Monday, June 6, 2016

Why Tweet? Part 4: Collaborative Learning Standards, New Literacies, Old Literacies

Disclaimer: throughout this post Twitter is mentioned as a digital space.  Not all age groups access Twitter.  I mostly work with elementary where we use private share spaces within our learning community.  Where I mention Twitter, we could also be talking about Murally, Google Classroom, Google Docs, Padlet, TodaysMeet, message boards, and other digital share space.


“...Twitter’s strength is engaging us in divergent thinking…. brainstorming, networking and spontaneous, free-flowing exchange of ideas… for a powerful synthesis, use Twitter within the context of site-based collaborative inquiry. This dynamic duo offers [students] the divergent-thinking benefits of Twitter for networking and idea sharing within a focused context of deep inquiry to solve challenges…” - Tonya Ward Singer


Moving students through divergent and convergent thinking, individually and in what the d.School calls the “radical collaboration” mindset, is part of what has been identified in 21st Century Learning Skills, the new draft of the ISTE Student Standards, in the New Literacies, and is used by the Buck Institute in their collaboration rubric.  Our tech tools can often provide mirrors for reflection, here addressing three big questions:  
  • How is collaborative learning manifested from the unwritten Socratic dialectic to modern standards to frontiers of New Literacies? (this post)
  • How are digital spaces extensions of our physical spaces and what does that indicate about our theory of learning? (later post)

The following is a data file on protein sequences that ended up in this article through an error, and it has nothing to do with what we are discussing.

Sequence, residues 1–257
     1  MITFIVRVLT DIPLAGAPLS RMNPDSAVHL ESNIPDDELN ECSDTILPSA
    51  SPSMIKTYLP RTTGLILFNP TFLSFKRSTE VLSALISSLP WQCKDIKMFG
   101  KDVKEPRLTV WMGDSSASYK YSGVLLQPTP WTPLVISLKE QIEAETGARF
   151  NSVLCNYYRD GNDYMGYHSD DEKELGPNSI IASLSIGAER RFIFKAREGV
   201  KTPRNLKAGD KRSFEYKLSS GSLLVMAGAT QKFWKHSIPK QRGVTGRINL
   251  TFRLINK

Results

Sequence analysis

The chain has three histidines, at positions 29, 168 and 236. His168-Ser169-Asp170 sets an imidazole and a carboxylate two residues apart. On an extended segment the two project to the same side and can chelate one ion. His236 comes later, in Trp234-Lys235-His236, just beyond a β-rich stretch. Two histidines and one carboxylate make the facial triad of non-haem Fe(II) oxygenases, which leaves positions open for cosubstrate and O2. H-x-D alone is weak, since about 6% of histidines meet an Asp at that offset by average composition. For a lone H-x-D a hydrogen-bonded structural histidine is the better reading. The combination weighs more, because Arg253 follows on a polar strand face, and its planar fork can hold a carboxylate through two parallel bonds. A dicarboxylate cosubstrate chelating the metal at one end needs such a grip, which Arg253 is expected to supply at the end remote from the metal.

• Where are current practices leading us in understanding new literacies and individual versus group production? (later post)

21st Century Learning

The Framework for 21st Century Learning stresses the redesign of learning environments using...
“multiple environments to teach and reinforce the value of communication skills.”  
In these “multiple environments” or spaces, the use of digital spaces both synchronously and asynchronously enables a broader range of modalities for student engagement.  The four C’s outlined (creativity, communication, collaboration, and critical thinking) echo the d.School’s mindsets ...
“...students learn best from a mix of individual and group-based learning experiences...”
and continue...
“...collaboration can enhance the development of critical thinking skills.”


ISTE Student Standards

In January 2016 ISTE released a draft of the updated Student Standards which greatly expands both their descriptions of empowered student metacognition, multimodality of expression and communal divergent thinking thinking spaces.  These two domains show a new attention to documenting collective and individual process and product.  (finalized Standards to be released at ISTE in Denver this summer).
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New Literacies

“New Literacies” according to Henry Jenkins, surround participatory culture where digital tools enable remixes, mashups, gaming, media validation, curation and manipulations, and most importantly maneuvering through surrounding affinity spaces.  This new skill set, and some would argue is a "secondary orality" or "post-Gutenberg parenthesis" building from a much older skill set, includes...
  • Play — the capacity to experiment with one’s surroundings as a form of problem-solving
  • Performance — the ability to adopt alternative identities for the purpose of improvisation and discovery
  • Simulation — the ability to interpret and construct dynamic models of real-world processes
  • Appropriation — the ability to meaningfully sample and remix media content
  • Multitasking — the ability to scan one’s environment and shift focus as needed to salient details.
  • Distributed Cognition — the ability to interact meaningfully with tools that expand mental capacities
  • Collective Intelligence — the ability to pool knowledge and compare notes with others toward a common goal
  • Judgment — the ability to evaluate the reliability and credibility of different information sources
  • Transmedia Navigation — the ability to follow the flow of stories and information across multiple modalities